LOADING

Type to search

Opinion: Aquifer Alliance Urges the Public to Pay Attention to Legislative Hearings this Week

Your Online News Source for Canyon Lake, Texas

Local News Opinion

Opinion: Aquifer Alliance Urges the Public to Pay Attention to Legislative Hearings this Week

Share
Annalisa Peace, Executive Director of the Greater Edwards Aquifer Alliance. Image courtesy of WOAI.

by Annalisa Peace
Executive Director, Greater Edwards Aquifer Alliance (GEAA)

Coming up next week are several great bills.  We hope you will take the time to tap the links provided below and register your support for the following bills by simply commenting “I support passage of xxx” in the comment section provided.

H.C.R. 65, a resolution supporting a statewide trail network for bicycling and walking, will be heard in the House Transportation Committee at 2 p.m. Tuesday, April 6.  The resolution encourages the Texas Department of Transportation to develop and support multi-use pathway network projects; that TxDoT leverage $8 to $80 million from existing federal funds designated for non-motorized uses, that the department give priority to network-focused projects (like the Great Springs Project) that include multiple municipal or county jurisdictions.

What a marvelous idea!  You can read the entire resolution here.  You can submit comments and or register support of H.C.R. 65 here.

At 8 a.m.Tuesday, April 6, the House Natural Resources Committee will consider several bills that GEAA supports:

HB 2652, by Rep. Larson establishes a groundwater and surface water advisory board to study challenges related to groundwater and surface water interactions and to make policy recommendations.  His office has told me that they requested a committee substitute to make some of the changes we recommended, like including Texas Parks and Wildlife Department (TPWD) on the board, but I have not seen it yet.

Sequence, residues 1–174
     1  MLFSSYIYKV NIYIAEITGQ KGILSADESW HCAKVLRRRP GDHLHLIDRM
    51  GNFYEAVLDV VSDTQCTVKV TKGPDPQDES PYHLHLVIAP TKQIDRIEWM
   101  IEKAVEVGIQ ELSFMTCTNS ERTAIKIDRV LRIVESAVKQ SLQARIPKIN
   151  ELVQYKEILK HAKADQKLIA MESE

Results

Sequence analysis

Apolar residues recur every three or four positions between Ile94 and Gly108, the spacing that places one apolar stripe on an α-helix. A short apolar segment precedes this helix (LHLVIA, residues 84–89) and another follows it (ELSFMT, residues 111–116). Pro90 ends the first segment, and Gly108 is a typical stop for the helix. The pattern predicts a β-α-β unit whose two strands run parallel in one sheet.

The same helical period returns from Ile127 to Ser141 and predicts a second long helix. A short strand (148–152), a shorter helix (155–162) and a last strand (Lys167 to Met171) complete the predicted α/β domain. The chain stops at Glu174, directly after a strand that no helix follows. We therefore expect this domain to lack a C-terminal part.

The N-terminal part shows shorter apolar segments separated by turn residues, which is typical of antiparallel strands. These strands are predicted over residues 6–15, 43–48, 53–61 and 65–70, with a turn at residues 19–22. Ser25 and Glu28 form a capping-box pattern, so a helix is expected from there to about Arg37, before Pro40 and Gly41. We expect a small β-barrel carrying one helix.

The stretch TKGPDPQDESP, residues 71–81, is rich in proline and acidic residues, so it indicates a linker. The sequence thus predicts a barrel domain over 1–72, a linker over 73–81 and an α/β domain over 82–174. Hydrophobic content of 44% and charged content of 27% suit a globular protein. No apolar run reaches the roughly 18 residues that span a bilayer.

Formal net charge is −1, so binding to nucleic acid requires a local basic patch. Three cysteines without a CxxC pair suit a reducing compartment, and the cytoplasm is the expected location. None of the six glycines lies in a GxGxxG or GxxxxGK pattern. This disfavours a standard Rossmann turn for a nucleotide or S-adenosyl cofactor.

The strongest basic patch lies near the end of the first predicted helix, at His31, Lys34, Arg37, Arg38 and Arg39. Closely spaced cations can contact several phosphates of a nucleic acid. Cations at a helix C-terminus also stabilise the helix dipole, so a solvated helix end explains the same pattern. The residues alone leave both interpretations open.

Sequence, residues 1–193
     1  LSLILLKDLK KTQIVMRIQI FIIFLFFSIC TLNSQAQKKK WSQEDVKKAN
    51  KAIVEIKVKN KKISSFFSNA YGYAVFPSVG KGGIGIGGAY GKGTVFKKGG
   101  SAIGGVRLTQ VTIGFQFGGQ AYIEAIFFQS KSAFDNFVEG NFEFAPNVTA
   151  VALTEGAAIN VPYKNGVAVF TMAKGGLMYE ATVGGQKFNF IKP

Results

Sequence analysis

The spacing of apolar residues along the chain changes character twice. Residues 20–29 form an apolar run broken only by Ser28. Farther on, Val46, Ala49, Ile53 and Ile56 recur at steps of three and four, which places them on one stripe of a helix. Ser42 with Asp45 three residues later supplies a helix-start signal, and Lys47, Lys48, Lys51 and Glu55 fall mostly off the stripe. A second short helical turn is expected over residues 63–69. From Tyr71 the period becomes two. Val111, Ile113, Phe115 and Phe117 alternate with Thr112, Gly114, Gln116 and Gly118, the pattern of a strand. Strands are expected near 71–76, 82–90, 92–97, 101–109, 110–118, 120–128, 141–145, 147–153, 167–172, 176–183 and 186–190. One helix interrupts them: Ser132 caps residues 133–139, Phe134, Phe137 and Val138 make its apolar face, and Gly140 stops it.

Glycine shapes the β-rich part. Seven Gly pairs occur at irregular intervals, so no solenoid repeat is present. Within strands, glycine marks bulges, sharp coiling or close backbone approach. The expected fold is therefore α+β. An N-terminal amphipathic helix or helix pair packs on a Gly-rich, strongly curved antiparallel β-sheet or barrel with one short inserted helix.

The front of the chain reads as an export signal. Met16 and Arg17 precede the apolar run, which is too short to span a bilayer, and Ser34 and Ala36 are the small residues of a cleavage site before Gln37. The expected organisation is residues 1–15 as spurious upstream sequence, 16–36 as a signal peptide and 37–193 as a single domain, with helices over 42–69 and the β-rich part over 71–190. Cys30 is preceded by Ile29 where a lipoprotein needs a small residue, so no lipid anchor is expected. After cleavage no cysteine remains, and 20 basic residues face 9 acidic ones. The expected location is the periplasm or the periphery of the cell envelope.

HB 3619, by Rep. Bowers requires GCDs, before granting a permit, to consider whether there will be unreasonable impacts to exempt wells.  This bill protects landowners, especially the little guys who are impacted by large permit requests.

HB 2990 by Rep. Morales Shaw would require an applicant to make certain environmental and water use permit applications available online.

HB 2716 by Rep. Tracy King would restore the ability of TPWD to contest water and wastewater permits.  When the ability to contest permits was stripped from the TPWD in 2011, the agency was prohibited from contesting the wastewater permit application by Silesia Properties, LP for Honey Creek Ranch MUD in Comal County. TPWD’s Honey Creek State Natural Area (HCNA) is the only property contiguous to and immediately down gradient and downstream of Silesia’s proposed residential and commercial development. As such, TPWD is the party most impacted by this permit.

You can register to support all of these great bills here.

Also at 8 a.m. Tuesday, April 6, the House Committee on Land & Resource Management will consider one great and one awful bill.

HB 3883, the Hill Country PGMA Protection legislation, will empower county governments in the Hill Country to regulate some aspects of new development.  GEAA has advocated this for the past 15 years.  Let’s get this bill passed this session!

HB 2573 is similar to bills that GEAA helped to defeat in past sessions.  This stinker would prohibit cities from enforcing regulations on cut and fill and water quality in their ETJ’s if those regulations are stricter than state or federal regulations.

You can register your support for HB 3883 and your opposition to HB 2573 here.

We also love HB 2619 / SB 1118 , to be heard by the House Agriculture & Livestock Committee   8 a.m. Thursday, April 8. HB 2619 takes advantage of the existing network of trusted Soil and Water Conservation Districts to provide education and outreach and leverage federal funding to support farmers interested in building healthy soils, making Texas more resilient to storms, droughts, and climate change

Healthy soil management increases the productivity of the land and provides numerous benefits for the entire community: reduced runoff and flooding, greater drought resilience, carbon sequestration, and healthier food. But the initial up-front costs are a significant barrier for many farmers and ranchers.

You can register to support HB 2619 here.

Taking a half-hour or so to weigh in on sending the good bills to be voted on by the entire legislature and become law.

Please review our commenting rules before submitting a post.

Leave a Comment

Your email address will not be published. Required fields are marked *

X